ances, andfor amending and strengthen
ing the laws, elections ought often to be
held,' what reason is there why annual
sessions of the Legislature snouia not oe
restored 1 These are some of the ques
tions forcing themselves on the minds of
the people, and sooner or later they must
necessarily lead to the calling of a Con
vention. We do not commit ourself in favor of
all the changes spoken of ; to two of them
at least, of which we will speak in due
time, we are opposed. But we are wil-
ling, cordially, to suDmii to wuaiever a
mendments the people in their majesty
may direct. We go "for a Convention,
free and unrestricted, because we believe
it is the only republican mode of altering
the constitution ; because it will take the
fundamental law of the State out of the
jfyands of selfish demagogues and political
hucksters, and refer it to the people them
selves : because it will settle the whole
subject once for all ; because it will place
all parties on equal footing, and because
n't htipve the neoole demand it.
We do not see why any one should ob
ject to a Convention. The fact of sftiy
one favoring flie call of a Convention,
does not commit J um to all the amend
ments that may be agitated. Those ques
tions are to be discussed before the people,
and every one will then be at liberty to
take the stump and advocate his own doc
trines. We are sorry to find some of the
Whig papers in the East, assuming a
threatening attitude on account of this
question. As far as we are concerned, we
do not intend to withhold our support from
. ...
the Whig candidate lor uovernor, snouia
his opinions on this question not exactly
agree with our own. This issue is not the"
test of Whig orthodoxy. We go for a
Convention on our own hook, and we be
lieve the people, particularly of the West,
call for it. We are opposed to any more
this subiect. If the Con
stitution must needs be amended, let the
people assemble in Convention and do it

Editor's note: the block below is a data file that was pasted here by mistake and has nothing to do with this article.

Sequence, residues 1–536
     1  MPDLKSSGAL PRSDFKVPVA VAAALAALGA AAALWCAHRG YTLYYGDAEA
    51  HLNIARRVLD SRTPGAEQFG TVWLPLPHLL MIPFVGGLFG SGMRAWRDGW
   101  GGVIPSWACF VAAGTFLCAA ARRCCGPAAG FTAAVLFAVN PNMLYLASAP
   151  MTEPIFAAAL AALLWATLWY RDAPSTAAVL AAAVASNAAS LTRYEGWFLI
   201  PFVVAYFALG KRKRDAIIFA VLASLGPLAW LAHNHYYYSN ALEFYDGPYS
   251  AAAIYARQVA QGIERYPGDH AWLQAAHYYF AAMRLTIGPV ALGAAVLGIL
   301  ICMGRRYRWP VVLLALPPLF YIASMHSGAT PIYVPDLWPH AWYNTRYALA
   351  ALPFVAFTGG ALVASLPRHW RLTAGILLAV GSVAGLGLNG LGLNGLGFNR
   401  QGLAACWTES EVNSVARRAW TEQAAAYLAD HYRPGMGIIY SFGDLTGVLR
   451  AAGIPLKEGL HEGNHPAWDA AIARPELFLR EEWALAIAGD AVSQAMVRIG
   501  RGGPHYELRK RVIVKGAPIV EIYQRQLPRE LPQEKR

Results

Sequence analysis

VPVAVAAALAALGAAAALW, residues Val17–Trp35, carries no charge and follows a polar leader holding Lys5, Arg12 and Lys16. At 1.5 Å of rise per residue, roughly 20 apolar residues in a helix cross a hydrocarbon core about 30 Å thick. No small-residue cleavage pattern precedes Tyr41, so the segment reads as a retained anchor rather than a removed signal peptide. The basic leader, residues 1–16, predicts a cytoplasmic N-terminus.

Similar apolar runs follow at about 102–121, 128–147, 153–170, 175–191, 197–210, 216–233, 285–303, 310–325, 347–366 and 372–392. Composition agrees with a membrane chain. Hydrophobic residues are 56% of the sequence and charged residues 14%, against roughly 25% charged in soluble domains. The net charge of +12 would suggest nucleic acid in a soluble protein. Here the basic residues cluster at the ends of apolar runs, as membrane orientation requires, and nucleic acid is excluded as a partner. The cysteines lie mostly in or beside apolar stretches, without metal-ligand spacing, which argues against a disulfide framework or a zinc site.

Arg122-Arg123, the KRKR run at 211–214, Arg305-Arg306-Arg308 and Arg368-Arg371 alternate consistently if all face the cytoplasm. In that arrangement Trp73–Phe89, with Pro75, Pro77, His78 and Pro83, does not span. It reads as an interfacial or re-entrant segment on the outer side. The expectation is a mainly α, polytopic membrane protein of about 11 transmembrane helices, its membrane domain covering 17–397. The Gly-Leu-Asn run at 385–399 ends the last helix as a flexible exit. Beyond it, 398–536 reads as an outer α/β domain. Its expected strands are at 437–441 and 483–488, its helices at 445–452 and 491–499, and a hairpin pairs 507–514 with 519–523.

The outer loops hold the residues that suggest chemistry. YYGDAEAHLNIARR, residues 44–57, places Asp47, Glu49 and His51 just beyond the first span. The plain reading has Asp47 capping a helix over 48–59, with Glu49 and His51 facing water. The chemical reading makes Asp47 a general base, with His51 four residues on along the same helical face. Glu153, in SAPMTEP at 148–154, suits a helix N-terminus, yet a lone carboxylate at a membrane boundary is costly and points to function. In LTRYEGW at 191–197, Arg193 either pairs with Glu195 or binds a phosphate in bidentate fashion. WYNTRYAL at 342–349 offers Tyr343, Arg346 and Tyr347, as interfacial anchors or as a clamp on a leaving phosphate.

themselves. We have no objection to me
nrinrinle of Free Suffrasre, as contained in
th art of the last Lieerislature, but we are
opposed to that mode of doing business ;
and we hope the next legislature wiu con
sign that miserable, flimsy humbug, to the
tomb of the Capulets.'- Con. Mercury.,
CURIOUS SPECIES OF BARTER.
Tn triA Distrirt of Benin Sooar. fin Wes
tern Barbary,) a mountainous country in
hnliitH rntirpjv hv Berber tribes, there is
one place where, during the fair, a barter
of a verycurious kind takes place. This
fnir iannlw hftlrl nnce avear. and is chiefiv
resortedto for the pupose of Bachelors find-
" i ir . .1
ing wives, married men auaing to uieir
matrimonial treasures, and madens and
widows getting husbands. In fact, the
whole aflair resolves useu into me me wo-
mon sollincr themselves, but to escape the
gnommy of snch a procedure, the traffic
is carried on as loiiows: jacu maiueu ue
airinnr tn ntpr into wedlock dresses herself
in her best and most becoming attire, and
takine with her a piece ot clotn otner own
weaving, sits dojvn unveiled in the mark--L-o
nlnr-P TTiemen. both vounr and
u.vv 2 J
old, who are candidates for matrimony, pa
. . i . .i. .
rade about the maiKei examining me lec
ture of the cloth displayed by the Jadies,
and scrutinizing at the same time their looks
Should the customer be
liUV4 w "
pleased with the maiden, he enquires the
price ot the cloth ; sue replies uy iianiui
what she would expect as a dowry, and
the amount of this she raises or depresses,
-1 s . f 1 1 i
according as the candidate ior ner nean
mnv rJpaspi her. lesortinsr to the demand
of an exhorbitant sum should she be averse
r. il rnrrh.i!Rr. During- this barter, the
enamored swain is able, in some degree;
to judge her temper and character. 11
they come to an agreement, the parents of
Hi o-lrl are. annealed to. and-thev have the
right to assent or not as they please.
Should they assent, the parties adjourn to
a public notary, the contract is made, and
the purchased bride is carried to her new
home. In this traffic widows are at a low
price in general, and divorced ladies sell
thmr -Whs rprv rhean. The wife thus
purchased eannotbe re-sold, however much
the purchaser may repent uis uuigaui, one
;a Viia lawful wfirlded wife, and retains the
purchase money, which is her jointure or
dowry. It is evident that this curious sys
tm of barter is resorted to bv these Mahom-
edan mountaineers as a means of evading
a law of their prophet, wnicn mieruicis an
courtships before marriage.
liays western jjarvary
ARRIVAL OF ANOTHER STEAMER.
Trip advices brought bv the Franklin,
revive the warlike aspect of European af-
. . . ., ... - r .1
lairs, and whet the appeuie ior suu turuier
intelligence. The English government is
making provision for a scheme of national
i-pnort sneak trulv. is likelv
to be called upon to take part in quarrels
out ol the dominion or n.ngianu. au
tnrlr on Relrium would involve liinfflish
interference without a doubt, and would
be the forerunner of general war. Belgi-
Um, AUSina UI1U OUICI tuuuucuuu u".
(riVa. arp rlpsr.rilied as preparinff earnesdy